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5

Tr. 3/22/13, at 113.
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judge, trying the cause without a jury, should be careful to refrain from any statement or attitude which would tend to deny the defendant a fair trial.” State v. Gionfriddo, 154 Conn. 90, 97 (1966). The State’s claim that journalist’s privilege is absent in criminal proceedings is simply false. The State relies on Branzburg v. Hayes, 408 U.S. 665 (1972). However, the Supreme Court in Branzburg expressly limited its decision to the narrow issue of “whether requiring newsmen to appear and testify before state or federal grand juries abridges the freedom of speech.” Id. at 667.6 Here, the Defendant was not merely subpoenaed to testify before the grand jury, but was put on trial. Her identity as a perpetrator was linked directly to her interactions with her confidential source, and a choice not to reveal the same. Not being able to prove “who else” could have done it, she was convicted. This is a far greater infringement on a journalist than merely having to testify before a grand jury, and is a far greater interference in “the process of newsgathering” which is “a protected right under the First Amendment, albeit a qualified one… [that] emanates from the strong public policy supporting the unfettered communication of information by the journalist to the public.” Von Bulow by Auersperg v. Von Bulow, 811 F.2d 136, 142 (2d Cir. 1987).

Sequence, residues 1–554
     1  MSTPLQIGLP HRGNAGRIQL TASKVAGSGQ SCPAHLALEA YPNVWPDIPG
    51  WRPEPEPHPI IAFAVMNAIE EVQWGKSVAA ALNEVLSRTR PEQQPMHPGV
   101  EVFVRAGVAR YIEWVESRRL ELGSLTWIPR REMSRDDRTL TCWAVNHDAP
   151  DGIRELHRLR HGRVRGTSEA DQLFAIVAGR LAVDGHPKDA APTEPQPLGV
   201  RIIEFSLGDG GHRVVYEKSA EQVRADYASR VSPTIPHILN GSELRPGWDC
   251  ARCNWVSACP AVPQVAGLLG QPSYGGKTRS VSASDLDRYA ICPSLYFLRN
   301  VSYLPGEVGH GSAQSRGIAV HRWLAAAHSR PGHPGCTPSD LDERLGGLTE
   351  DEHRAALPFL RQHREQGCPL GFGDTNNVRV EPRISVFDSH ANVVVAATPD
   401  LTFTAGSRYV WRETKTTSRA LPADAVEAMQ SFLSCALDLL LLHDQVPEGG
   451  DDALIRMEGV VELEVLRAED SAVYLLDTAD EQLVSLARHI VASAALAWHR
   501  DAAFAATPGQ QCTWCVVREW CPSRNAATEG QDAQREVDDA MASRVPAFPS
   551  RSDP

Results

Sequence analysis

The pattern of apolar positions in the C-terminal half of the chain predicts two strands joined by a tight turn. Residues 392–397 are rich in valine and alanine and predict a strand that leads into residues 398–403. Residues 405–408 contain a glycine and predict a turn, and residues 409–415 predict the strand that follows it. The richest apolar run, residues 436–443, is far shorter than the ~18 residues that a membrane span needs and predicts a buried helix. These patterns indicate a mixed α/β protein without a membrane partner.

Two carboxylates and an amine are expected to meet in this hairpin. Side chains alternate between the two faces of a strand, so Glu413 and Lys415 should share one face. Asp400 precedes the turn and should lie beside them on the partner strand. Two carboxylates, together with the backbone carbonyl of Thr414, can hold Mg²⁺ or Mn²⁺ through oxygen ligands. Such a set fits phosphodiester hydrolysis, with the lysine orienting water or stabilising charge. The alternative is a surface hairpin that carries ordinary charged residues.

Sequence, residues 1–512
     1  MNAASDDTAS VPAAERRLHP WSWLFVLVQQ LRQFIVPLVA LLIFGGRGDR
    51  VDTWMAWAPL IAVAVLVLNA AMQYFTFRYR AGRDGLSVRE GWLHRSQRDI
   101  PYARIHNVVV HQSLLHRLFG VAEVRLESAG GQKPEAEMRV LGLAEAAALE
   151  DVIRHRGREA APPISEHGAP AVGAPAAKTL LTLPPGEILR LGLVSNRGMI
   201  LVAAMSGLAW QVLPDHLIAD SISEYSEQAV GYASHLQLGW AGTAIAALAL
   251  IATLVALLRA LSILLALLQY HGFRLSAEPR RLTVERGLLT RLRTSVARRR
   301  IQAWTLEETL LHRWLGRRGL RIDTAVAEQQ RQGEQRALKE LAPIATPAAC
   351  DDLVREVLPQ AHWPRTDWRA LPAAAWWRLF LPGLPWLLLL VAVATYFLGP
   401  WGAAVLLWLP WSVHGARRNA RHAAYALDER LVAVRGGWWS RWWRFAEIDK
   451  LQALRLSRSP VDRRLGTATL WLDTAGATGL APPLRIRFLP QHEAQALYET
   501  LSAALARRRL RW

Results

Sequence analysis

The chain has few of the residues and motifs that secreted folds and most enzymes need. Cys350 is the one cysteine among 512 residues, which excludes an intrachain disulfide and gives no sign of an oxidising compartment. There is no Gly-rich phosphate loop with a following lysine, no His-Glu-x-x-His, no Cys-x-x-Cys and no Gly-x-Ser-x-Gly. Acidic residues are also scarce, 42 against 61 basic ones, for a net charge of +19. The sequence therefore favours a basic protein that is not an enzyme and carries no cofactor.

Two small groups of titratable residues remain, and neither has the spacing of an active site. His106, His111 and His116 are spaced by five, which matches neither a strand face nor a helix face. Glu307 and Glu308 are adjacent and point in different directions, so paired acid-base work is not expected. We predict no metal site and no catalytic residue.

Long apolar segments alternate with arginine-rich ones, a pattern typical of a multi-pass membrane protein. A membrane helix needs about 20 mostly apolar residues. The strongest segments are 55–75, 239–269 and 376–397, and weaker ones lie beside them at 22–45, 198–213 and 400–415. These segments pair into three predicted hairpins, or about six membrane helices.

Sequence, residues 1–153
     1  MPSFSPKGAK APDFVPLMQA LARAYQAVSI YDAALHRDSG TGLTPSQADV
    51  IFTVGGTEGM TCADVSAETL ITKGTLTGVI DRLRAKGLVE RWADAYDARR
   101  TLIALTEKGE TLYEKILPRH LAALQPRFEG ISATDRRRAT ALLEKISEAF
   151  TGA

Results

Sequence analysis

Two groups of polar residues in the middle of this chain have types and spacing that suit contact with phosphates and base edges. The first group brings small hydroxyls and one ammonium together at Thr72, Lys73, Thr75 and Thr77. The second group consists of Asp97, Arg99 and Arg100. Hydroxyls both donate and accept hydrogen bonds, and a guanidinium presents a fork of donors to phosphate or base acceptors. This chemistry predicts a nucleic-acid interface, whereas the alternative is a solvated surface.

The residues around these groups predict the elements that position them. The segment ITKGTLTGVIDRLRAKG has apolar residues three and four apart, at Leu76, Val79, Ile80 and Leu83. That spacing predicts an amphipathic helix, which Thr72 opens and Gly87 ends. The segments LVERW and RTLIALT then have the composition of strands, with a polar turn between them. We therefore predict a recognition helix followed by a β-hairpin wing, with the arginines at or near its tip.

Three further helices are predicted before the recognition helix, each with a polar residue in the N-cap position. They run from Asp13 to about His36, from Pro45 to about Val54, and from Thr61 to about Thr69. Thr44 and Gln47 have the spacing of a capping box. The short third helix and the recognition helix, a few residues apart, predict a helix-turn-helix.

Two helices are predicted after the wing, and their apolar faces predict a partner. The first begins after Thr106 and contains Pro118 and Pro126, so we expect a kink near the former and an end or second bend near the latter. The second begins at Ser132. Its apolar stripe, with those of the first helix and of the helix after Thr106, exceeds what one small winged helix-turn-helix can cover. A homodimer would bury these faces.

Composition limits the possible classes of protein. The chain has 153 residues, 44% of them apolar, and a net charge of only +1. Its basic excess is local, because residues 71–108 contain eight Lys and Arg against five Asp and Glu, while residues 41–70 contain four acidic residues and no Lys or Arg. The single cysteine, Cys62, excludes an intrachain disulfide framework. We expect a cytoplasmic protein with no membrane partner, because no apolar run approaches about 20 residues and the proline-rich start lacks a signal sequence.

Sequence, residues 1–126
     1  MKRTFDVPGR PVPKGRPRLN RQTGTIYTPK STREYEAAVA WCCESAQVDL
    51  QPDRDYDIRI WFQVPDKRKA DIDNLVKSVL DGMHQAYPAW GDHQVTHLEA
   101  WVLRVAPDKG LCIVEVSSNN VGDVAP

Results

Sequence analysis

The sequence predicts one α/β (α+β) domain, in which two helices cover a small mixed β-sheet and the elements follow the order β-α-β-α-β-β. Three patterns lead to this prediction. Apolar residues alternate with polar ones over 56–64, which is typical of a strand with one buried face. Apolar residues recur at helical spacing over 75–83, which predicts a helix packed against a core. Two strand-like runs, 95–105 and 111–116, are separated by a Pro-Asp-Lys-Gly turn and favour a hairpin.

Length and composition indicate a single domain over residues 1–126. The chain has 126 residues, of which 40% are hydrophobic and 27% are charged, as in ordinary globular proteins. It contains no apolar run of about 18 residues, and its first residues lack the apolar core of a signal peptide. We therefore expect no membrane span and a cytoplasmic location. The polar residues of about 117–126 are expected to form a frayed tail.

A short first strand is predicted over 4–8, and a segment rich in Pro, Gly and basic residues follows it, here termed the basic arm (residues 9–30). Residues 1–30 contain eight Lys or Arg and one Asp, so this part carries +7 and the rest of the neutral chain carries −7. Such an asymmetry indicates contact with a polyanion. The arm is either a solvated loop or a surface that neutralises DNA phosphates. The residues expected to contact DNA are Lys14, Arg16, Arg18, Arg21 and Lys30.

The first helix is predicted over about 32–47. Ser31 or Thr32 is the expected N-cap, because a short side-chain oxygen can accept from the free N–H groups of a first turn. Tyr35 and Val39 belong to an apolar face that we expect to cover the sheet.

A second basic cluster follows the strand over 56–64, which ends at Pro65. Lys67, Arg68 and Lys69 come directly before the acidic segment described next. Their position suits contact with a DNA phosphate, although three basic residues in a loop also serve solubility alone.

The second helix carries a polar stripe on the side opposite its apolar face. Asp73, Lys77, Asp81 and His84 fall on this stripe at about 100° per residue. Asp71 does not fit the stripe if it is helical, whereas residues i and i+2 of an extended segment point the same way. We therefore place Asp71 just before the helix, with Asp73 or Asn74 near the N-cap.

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"The State also relies on a Fourth Circuit interpretation of Branzburg, holding that “[t]here is no First Amendment testimonial privilege, absolute or qualified, that protects a reporter from being compelled to testify by the prosecution or the defense in criminal proceedings about criminal conduct that the reporter personally witnessed or participated in, absent a showing of bad faith, harassment, or other such non-legitimate motive, even though the reporter promised confidentiality to his source.” U.S. v. Sterling, 724 F.3d 482, 492 (4th Cir., 2013). However, like in Branzburg, the Court in Sterling was dealing exclusively with compulsion to testify before a grand jury. Id., at 491. Moreover, the Fourth Circuit’s interpretation in this case is not binding on this court as it does not reflect our state law or the law of the Second Circuit. """"